MBA Admissions Trends 1996-2010

F1GMAT: The MBA Exchange is a veteran in the MBA admissions industry, providing expert guidance to thousands of applicants since 1996. What are some of the MBA Admissions trends that you have seen over the past 14 years?

The MBA Exchange: Amidst a nearly constant state of change, there are seven major trends in MBA admissions that The MBA Exchange has observed over the past decade and a half.

Rise of Social Media and MBA Admissions1. The beginning – and the end -- of dialogue between school and applicant
The phenomenon of social media has prompted business schools to become more visible and even interactive in communicating with applicants over this time period. Admissions directors like Harvard’s Dee Leopold have even launched their own blogs to ensure clarity in explaining their policies, preferences and priorities. Always diplomatic, of course, but now official.

At the same time as the schools started using the Internet as a platform for building their brands, individual feedback from admissions office for rejected applicants about their applications or candidacies has gone from limited to non-existent – even for those who made it to the waitlist. This void adds to the frustration of applicants who receive only a short email that informs them that they didn’t make the cut.  Their incentive to reapply is reduced as these individuals are never told what they lacked or did wrong. Admissions consulting firms have stepped in to provide objective “ding analyses” for those who were turned away at campus gate.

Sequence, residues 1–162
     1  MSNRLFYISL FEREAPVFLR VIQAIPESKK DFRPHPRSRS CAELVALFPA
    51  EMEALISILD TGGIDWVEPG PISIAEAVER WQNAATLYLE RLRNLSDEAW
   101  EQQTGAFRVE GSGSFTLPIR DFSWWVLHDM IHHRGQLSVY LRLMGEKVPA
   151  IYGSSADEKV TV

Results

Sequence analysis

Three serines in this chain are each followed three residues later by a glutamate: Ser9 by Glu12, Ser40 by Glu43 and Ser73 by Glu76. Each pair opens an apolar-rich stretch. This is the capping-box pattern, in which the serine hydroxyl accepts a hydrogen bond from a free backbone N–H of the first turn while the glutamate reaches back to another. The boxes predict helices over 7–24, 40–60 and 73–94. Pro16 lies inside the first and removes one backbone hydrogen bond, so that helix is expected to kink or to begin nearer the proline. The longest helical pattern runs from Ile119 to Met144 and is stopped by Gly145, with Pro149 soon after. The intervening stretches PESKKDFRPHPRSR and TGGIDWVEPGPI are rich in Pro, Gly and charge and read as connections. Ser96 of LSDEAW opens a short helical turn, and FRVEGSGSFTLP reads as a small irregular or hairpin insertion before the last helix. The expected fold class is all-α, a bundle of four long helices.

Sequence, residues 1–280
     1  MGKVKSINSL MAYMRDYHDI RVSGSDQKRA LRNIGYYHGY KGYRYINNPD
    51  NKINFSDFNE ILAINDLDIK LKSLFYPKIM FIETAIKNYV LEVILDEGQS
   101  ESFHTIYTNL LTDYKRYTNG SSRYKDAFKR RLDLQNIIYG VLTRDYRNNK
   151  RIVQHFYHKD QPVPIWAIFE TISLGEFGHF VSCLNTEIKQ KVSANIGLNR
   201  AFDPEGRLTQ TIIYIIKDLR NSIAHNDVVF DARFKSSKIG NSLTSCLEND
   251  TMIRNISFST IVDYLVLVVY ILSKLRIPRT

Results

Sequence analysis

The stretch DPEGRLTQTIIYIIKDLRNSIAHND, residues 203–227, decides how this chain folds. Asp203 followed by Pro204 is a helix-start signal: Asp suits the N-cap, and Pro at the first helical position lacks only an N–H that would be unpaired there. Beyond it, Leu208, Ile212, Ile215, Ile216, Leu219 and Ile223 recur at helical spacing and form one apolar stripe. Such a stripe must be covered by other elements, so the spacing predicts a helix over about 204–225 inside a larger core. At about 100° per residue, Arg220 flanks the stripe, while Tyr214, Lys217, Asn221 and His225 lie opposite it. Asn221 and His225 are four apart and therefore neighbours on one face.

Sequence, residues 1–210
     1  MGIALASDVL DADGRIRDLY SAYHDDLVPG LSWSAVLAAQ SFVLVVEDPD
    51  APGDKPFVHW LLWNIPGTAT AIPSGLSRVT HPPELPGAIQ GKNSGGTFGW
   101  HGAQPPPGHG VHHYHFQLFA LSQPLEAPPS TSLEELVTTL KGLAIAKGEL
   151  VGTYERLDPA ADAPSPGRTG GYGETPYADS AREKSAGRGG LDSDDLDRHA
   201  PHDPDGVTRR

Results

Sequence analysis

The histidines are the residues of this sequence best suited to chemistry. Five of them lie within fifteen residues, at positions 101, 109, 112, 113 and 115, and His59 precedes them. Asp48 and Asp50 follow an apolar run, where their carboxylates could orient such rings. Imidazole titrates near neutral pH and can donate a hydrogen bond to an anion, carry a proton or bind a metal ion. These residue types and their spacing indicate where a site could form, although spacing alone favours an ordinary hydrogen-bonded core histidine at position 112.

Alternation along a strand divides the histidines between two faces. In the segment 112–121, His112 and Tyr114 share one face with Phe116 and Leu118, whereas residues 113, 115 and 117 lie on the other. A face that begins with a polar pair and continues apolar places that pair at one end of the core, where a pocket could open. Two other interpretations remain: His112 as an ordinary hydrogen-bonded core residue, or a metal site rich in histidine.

2. The validation and expansion of top admissions consultants as a resource
Admissions ConsultantsAs top business schools began to realize that about 25% of their admits engage the services of professional consultants, the admissions directors could no longer pretend such firms didn’t exist.  And as the credentials and credibility of such firms – staffed by top grads and former admissions officers from those very schools – grew stronger, the MBA programs began to take a more enlightened view.  

The birth of a respected and selected professional group – the Association of Independent Graduate Admissions Professionals – gave its members the visibility to engage top schools in a meaningful, face-to-face dialogue.  And starting with Chicago Booth and Kellogg, then NYU and Columbia, and most recently Harvard and MIT, admissions directors were inviting top consulting firms including The MBA Exchange to visit campus, meet the staff and discover mutual interests. Thanks to exhaustive blogging and Tweeting, the presence of top admissions consulting firms continues to grow.

3. The growing avalanche of qualified applicants from India to top US business schools